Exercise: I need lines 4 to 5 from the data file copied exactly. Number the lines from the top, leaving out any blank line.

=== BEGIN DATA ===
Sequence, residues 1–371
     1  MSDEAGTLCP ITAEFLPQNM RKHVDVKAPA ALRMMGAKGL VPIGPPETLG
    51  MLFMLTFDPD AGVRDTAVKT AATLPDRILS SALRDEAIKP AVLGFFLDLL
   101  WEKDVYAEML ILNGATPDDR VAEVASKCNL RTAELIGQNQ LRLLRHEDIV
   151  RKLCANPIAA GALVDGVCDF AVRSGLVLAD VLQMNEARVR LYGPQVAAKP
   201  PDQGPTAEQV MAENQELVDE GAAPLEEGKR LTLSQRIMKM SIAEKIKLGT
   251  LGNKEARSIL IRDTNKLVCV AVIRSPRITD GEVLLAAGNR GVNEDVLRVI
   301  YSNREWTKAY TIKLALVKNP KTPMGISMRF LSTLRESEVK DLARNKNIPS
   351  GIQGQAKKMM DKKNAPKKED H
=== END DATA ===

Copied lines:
   101  WEKDVYAEML ILNGATPDDR VAEVASKCNL RTAELIGQNQ LRLLRHEDIV
   151  RKLCANPIAA GALVDGVCDF AVRSGLVLAD VLQMNEARVR LYGPQVAAKP